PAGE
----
This map layer shows the forecasted proportion of population by country which will be living in flat coastal regions (0–10m) in 2030 and therefore will be affected by the consequences of rising sea levels.
Coastal regions all over the world stand out for having a higher than average population density—and a similarly higher growth in population compared to inland areas. Significant reasons for this are, firstly, rapid economic growth in urban coastal areas as well as the accompanying migration from inland areas.
Current studies forecast a rise in sea level of 0.3 up to a maximum of 1 metre for the year 2100. Just under two-thirds of the rise will be able to be traced back to the thermal expansion of water, the rest of it to the influx of melting waters from the mainland. Even if the rise cannot be exactly predicted due to the many uncertainties and differing influencing factors, it is nonetheless probable that it will have severe consequences for ecosystems and inhabitants of coastal regions. On the one hand, among the consequences are coastal erosion, salinization of coastal waters and flooding; on the other the potential increase of devastating natural disasters such as for example, tropical storms.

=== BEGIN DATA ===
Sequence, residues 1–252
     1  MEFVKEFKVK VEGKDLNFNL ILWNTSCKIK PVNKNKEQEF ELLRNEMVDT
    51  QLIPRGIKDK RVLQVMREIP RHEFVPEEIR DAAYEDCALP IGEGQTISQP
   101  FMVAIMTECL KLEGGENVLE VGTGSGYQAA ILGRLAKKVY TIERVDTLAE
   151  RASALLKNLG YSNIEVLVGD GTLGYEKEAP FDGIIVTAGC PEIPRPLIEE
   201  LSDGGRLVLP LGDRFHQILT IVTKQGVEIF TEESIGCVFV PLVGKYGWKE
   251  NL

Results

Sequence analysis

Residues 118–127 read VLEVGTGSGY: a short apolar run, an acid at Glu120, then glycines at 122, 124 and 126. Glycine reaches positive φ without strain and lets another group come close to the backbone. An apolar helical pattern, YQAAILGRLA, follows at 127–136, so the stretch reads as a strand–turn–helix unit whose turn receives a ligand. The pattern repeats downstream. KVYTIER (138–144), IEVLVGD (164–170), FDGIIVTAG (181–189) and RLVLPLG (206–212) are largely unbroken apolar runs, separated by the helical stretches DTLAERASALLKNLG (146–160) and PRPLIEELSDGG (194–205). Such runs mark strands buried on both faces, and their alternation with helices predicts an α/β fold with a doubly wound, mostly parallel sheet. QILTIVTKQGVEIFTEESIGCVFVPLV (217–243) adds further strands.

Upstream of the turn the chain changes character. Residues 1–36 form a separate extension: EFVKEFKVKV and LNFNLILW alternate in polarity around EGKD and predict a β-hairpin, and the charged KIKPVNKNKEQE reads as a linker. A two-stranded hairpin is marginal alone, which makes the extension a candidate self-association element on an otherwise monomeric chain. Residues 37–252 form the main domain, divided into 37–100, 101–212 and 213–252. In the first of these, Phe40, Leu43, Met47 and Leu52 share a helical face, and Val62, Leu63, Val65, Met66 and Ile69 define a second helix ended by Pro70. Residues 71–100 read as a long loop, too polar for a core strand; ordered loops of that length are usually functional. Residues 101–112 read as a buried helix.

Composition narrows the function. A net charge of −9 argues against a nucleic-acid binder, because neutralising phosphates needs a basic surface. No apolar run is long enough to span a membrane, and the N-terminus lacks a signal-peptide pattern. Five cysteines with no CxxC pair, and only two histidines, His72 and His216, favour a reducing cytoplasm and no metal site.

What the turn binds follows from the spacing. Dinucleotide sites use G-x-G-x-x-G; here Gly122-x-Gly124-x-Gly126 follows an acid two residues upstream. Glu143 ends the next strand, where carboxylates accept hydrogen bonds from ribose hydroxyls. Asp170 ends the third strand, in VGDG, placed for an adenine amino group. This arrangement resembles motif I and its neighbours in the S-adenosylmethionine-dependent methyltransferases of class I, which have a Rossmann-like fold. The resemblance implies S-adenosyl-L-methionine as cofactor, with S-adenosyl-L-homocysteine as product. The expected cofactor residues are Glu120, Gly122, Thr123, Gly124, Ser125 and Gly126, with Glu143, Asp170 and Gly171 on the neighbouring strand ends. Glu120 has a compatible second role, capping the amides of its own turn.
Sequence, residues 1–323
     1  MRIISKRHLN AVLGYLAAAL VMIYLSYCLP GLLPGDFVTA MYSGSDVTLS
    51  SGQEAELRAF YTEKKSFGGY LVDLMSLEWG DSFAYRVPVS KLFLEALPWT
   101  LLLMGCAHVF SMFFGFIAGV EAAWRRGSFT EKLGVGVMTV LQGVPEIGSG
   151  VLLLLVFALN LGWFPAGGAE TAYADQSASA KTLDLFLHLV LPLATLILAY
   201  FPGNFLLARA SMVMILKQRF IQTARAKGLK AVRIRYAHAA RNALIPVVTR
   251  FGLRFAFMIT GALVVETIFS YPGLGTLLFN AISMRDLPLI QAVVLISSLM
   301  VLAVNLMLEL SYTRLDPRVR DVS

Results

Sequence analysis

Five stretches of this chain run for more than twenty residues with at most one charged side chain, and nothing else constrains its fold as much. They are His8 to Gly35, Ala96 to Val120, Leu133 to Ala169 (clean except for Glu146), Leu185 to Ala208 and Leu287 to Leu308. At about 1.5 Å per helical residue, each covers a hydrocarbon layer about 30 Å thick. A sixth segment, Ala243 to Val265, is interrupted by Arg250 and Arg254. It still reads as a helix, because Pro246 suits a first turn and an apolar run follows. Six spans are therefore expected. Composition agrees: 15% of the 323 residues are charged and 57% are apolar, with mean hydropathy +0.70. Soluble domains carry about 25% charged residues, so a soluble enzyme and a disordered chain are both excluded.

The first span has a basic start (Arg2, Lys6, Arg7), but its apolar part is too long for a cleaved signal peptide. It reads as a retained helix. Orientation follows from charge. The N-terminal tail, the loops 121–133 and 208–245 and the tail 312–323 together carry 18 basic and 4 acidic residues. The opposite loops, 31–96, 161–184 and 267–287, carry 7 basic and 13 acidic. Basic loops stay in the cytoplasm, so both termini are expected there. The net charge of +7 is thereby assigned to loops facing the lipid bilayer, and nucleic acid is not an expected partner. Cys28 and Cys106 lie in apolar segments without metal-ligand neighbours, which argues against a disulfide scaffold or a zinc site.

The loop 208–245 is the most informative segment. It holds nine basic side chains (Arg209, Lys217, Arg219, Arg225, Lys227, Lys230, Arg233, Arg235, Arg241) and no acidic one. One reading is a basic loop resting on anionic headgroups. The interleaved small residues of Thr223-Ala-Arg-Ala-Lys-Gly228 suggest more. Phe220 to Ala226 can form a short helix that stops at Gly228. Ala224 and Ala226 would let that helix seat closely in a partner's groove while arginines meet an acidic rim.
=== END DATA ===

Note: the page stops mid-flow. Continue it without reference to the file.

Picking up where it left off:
The regions which the data in the map refer to are so-called low-elevation coastal zones (LECZ), generally defined as coastal regions which are lower than 10m. The base year for the LECZ area is 2000—possible changes to the area in the course of a rise in sea level up to 2063 were not taken into consideration. For the population forecast for 2060, different national growth rates between urban and rural areas as well as between coastal and inland areas were taken into account. Furthermore, the forecasts for four different socio-economic scenarios were calculated, whereby the data shown assume a mid-level population growth in the industrial nations and a high rate of growth in the less developed countries.